Really–just how many cities and buildings need to be completely destroyed–like a little kid knocking over his Lego towers or Erector set cities in the living room–and how many monsters need to fight each other amid these buildings until people get tired of the same old thing in the same old monster movie? What, you say, how dare you ask that question?! No, how dare anyone not be brave enough to answer that question honestly. Because it’s all been done before, and despite the literally $160 million to $200 million estimated budget for “Godzilla vs. Kong” and despite the work of those hundreds of talent visual effects artists, in the end, visual effects and the same-old, same-old, whether it’s 1954 technology or 2021 technology, nothing can hide the plain ol’ fact that we have seen this before, we have seen this before too many times, and there is indeed a limit to how many times we need to see this.

According to several sources, “Godzilla vs. Kong” is the 36th–that’s thirty-sixth–Godzilla movie since 1954. According to several sources, “Godzilla vs. Kong” is the 12th–that’s twelfth–film to feature King Kong since 1933. Good, bad or ugly, and both series have featured good, bad and average–and ugly–movies, in general, considering everything: not much has changed in the Godzilla and Kong worlds and universes. There was, amazingly, one true stand-out in both franchises, and that was Peter Jackson’s excellent re-telling of “King Kong” released in 2005. Here, truly, and finally, we had a monster movie that somehow ended up being smart, inventive, original, gripping, exciting, chilling, scary, insightful, well-produced, well-directed, well-written, well-acted and well-imagined, with all sorts of Jacksonesque creatures, monsters, bugs, spider-things, apes, dinosaurs, lizards and things slithering, sliming, crawling, running and creeping all over the screen in one big entertaining classic. Jackson’s 2005 “King Kong” is the very best movie of all of the King Kong and Godzilla movies, and, truly, it stands as one of the best monster/creature movies in general. However, “Godzilla vs. Kong” has just about none of the entertainment value of Jackson’s masterpiece.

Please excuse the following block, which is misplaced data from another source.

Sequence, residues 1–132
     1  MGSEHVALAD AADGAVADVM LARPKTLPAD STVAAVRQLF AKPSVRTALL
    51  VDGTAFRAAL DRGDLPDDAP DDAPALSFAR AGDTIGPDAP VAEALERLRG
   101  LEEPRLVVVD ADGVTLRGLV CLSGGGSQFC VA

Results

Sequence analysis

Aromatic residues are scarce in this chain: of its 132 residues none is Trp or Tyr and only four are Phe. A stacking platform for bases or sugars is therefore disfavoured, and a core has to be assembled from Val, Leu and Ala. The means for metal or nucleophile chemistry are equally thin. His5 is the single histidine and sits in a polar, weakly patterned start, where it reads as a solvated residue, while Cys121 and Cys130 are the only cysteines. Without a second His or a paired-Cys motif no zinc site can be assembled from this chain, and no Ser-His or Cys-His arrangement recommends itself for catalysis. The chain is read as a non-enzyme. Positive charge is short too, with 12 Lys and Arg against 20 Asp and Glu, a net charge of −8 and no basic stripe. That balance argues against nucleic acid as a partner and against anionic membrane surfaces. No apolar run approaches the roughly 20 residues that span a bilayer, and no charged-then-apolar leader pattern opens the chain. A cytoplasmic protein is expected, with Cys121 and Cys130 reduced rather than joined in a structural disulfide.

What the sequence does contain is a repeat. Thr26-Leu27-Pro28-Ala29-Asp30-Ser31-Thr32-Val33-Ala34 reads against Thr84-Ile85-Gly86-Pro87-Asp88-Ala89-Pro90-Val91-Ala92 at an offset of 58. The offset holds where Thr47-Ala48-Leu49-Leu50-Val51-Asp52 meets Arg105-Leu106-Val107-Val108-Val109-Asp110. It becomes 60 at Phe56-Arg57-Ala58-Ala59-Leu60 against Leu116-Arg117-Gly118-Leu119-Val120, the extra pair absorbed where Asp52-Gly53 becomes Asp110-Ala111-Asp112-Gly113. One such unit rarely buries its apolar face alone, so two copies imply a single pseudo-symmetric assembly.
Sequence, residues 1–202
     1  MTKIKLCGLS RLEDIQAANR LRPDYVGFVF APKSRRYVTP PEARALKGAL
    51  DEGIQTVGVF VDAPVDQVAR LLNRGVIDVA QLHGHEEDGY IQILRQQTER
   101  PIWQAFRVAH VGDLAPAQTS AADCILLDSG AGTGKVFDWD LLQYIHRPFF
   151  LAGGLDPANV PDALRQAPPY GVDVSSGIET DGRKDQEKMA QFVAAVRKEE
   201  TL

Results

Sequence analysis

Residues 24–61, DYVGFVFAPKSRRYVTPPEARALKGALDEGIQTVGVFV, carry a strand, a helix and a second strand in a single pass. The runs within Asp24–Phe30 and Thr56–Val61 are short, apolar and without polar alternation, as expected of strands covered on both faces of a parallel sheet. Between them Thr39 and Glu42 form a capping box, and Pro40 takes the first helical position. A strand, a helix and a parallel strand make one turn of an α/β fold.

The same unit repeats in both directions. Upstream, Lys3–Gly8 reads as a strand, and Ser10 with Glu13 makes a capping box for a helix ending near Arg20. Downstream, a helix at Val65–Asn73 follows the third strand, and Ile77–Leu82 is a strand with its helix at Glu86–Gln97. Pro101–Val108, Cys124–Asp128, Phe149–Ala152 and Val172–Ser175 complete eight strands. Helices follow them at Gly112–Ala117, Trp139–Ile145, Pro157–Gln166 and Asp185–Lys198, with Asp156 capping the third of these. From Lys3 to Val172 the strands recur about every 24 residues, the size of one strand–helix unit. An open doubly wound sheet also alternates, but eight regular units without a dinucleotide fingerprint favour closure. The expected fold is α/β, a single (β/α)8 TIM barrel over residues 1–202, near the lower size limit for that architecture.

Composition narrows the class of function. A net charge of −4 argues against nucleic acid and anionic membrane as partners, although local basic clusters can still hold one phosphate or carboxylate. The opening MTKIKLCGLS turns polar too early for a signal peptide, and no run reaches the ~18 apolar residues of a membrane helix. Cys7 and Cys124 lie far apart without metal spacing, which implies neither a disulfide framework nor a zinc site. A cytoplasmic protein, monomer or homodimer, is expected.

Except for one area, besides the impressive special effects.

If there is one stand-out aspect and performance and quality of “Godzilla vs. Kong,” it’s a beautifully written, touchingly rendered and sympathetically told story in the film about one of the characters, a smart, tough, beautiful, caring and completely lovable girl named Jia. Jia, wonderfully played by breakout actress Kaylee Hottle, who was all of 9 years old when she filmed the film, steals the movie as a character and subplot, and little Kaylee effortlessly and wonderfully steals this entire movie from everyone else, including veteran actors Alexander Skarsgard, Millie Bobby Brown, Rebecca Hall, Brian Tyree Henry, Shun Oguri, Eiza Gonzalez, Julian Dennison, Kyle Chandler and Demian Bichir, and everything else.